What Happened

(No Fun; 2009)

By Chet Betz | 15 April 2009

ESPN’s Bill Simmons capped off his “Untouchables” NBA trade value article back in February with an ode to LeBron James, capturing the giddy feeling that any of us who have ever loved Bron-Bron have pretty deeply felt. It’s a weird mixture of knowing that we’re seeing something raw (that obviously isn’t as good as it could be) at the same time that we’re not sure we’ve ever seen something of like kind or as good as this already is (and when we wonder at the possibilities it melts our minds). Simmons writes: “And to think, LeBron doesn’t even have a reliable 20-footer or a post-up game yet. See, this is only going to get better. And it’s already historic. As a Celtics fan, I shudder for the future. As an NBA fan, I am pinching myself.” With little of the gilded finesse of the Lakers or the charmed dealings of the Celtics, half the international acumen of the Spurs and none of the Yao Ming of the Rockets, the Cleveland Cavaliers don’t have the most impressive or elegant NBA game…but as evidenced by their league standings, they are finally serving as apt witnesses to the chosen one in their midst. Trying to relive the moment he encountered sheer human will almost actualized, Steve Kroft’s probably still chucking underhand bricks from half-court.

Also Cleveland-based so also love-mandated for Clay Purdom, drone/noise/ambient trio Emeralds are a lot like King James and his courtesans: unrefined and undefined but pulsing at the core with greatness and all the potential it entails. More statically dynamic and 10-fps fluid than Sonic careening down a convoluted half-pipe in a 2D world’s simulation of 3, the chaos these Emeralds wreak is as crafty as it is creaky, ballsy and primitive in a cunning way. And Emeralds sound energized by their ideas, vibrant music pumping those ideas out in reckless fashion rather than employing the soft-focus reticence and deliberate tide of many of their perhaps more talented or more studied peers. Simmons uses a mix-and-match technique in trying to shape our perception of LeBron as having the best attributes of the best players, be it the “freaky athletic ability on both ends” of Scottie Pippen or the “competitiveness and sense of The Moment” of MJ or the unselfishness of Magic, etc. Bo Jackson somehow gets thrown in there, too. I could play the same game with Emeralds, stating that they have “Hecker’s rough-hewn pocks filled with beauty” or “KFW’s grand arcs,” “Popol Vuh’s poignant cheesiness,” “some of Sunn O)))‘s abrasive drawl,” “dangerous free space alá Supersilent,” “a sound like ’70s synth experiments with moments of Explosions in the Sky guitar,” but ultimately I’d be left with the same sort of awe that Simmons has when he looks at LeBron and sees a freak that stands so defiantly between all the combinations.

The trebly wobbles of an oscillator that flit across the channels on “Damaged Kids” are truly ridiculous but add just enough cheek to keep interest as the murk below slowly resolves and then eventually revs up into a sludgy guitar riff. Inversely, a guttural synth counters nearly too-delicate guitar picking on “Living Room” in a way that’s almost amateurish but undeniably inspired and effective. Apparently these songs are improvisations “recorded live to tape 2007-2008”; apparently guitarist Mark McGuire and synth players John Elliott and Steve Hauschildt are on some serious Triune zen shit. Devoid of academic indulgence, their record’s a lumbering beast reacting to the action of its growling at its own reflection before realizing what’s actually happening and then playing with that knowledge. And, seriously, each one of these tracks is like a flurry of instinctual impulses sequenced upwards, blooming into cognition. The opener pushes its synth washes into synth chattering that evolves into a sort of binary before joined by wordless human voice, the surprising yet perfect conclusion to asserting that you’re “Alive in the Sea of Information”—though it’s darkly telling that the voice is heavily manipulated or maybe even completely synthetic. In “Disappearing Ink” there are juxtapositions that seem nigh impossible, mutually canceling, or transformative, such as the loud barrage of synthesizer swoops and the tranquil drops of McGuire’s guitar tone, a tone that for a brief passage turns shrill and distorted as it catches the electronic gusts which Hauschildt and Elliot blow at each other. Emeralds seem to show that man’s one point of vocational contact with the sublime (the act of creation) is itself a tenuous point because of its mutability. But more than show this truth, they embrace it. They squeeze it tight. They fucking do it.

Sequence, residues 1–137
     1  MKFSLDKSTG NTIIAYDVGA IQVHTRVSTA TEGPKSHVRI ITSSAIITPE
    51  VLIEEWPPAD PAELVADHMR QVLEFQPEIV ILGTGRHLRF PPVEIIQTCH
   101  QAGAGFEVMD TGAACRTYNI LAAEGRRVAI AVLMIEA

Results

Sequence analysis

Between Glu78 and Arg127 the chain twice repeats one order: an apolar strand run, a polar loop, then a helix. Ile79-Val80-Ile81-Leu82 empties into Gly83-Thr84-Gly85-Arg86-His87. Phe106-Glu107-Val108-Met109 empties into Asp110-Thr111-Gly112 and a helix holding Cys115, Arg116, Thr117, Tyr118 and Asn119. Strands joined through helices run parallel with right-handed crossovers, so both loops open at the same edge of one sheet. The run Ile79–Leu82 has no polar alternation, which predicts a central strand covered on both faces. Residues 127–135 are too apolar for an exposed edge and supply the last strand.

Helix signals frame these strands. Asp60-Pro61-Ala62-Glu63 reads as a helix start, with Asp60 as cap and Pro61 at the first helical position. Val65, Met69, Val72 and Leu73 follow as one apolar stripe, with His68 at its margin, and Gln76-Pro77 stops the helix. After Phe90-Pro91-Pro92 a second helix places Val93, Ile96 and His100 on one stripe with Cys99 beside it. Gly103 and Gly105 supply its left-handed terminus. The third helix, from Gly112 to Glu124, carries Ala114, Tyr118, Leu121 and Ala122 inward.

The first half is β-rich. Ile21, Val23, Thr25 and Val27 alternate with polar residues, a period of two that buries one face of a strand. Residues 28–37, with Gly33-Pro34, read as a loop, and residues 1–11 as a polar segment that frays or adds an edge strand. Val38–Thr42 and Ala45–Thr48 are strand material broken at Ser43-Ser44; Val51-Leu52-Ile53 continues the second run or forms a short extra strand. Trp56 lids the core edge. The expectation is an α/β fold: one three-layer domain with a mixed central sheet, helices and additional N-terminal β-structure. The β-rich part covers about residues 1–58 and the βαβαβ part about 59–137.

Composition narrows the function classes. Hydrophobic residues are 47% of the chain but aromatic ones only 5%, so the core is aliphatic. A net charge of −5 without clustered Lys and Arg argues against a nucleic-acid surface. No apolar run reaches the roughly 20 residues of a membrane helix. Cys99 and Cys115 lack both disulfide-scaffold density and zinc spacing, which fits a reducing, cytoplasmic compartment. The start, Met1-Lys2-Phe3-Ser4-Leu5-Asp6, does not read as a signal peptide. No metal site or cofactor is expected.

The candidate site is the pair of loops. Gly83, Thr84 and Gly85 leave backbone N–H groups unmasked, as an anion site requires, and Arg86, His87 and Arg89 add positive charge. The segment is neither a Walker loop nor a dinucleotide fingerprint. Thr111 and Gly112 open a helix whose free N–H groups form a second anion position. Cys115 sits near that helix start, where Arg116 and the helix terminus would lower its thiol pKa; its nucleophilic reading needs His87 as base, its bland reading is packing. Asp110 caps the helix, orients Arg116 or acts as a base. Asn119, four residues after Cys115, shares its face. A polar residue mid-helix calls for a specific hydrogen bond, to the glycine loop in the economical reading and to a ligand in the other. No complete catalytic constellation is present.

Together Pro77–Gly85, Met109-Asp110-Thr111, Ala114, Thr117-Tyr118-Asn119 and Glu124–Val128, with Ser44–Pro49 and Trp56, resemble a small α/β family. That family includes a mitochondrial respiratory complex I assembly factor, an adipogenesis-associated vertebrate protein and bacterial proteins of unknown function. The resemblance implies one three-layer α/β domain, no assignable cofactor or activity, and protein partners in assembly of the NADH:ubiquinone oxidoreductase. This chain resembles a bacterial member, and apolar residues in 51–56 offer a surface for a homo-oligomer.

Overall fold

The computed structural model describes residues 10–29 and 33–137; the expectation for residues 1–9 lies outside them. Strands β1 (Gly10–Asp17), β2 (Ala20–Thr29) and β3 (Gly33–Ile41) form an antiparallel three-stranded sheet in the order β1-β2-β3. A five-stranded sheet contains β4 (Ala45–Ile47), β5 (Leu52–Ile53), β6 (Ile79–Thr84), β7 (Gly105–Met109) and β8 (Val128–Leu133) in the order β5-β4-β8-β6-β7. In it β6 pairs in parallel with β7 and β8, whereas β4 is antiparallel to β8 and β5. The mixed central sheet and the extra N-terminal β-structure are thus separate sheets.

Joel noted a bit of an ’09 ambient resurgence in his Mokira review, and if Hecker’s a spearhead for that then here’s another. Honestly, I haven’t heard an ambient record this striking since KFW dropped Lisbon (2006), both no-holds-barred whoppers that are the 100% document to their own 100% inquiry. What Happened is the physical retort to everything so absurdly represented by Fred Willard’s spiked blond hair, a shallow oblivion this record doesn’t debate with but simply gives a thought-provoking kick in the pants. Not content just to exist, to sketch environments, to be purty, this record questions itself into action, asking what mettle is it made of and what is that worth, making those questions the motive for something to prove. What happened? What Happened is this record and this record is not passive. Where much of its genre is happy to sit in place and coolly overlap veils of gauze, this wild thing takes on a form autonomous and thunderous. It moves. It roars. It glistens. It reaches a hand back that snaps forward and slams, as if spring-loaded. There’s chalk in the air, y’all. What Happened might not be the “best” player in this year’s ambient game, but fuck that. MVP.

:: emeraldsohio.com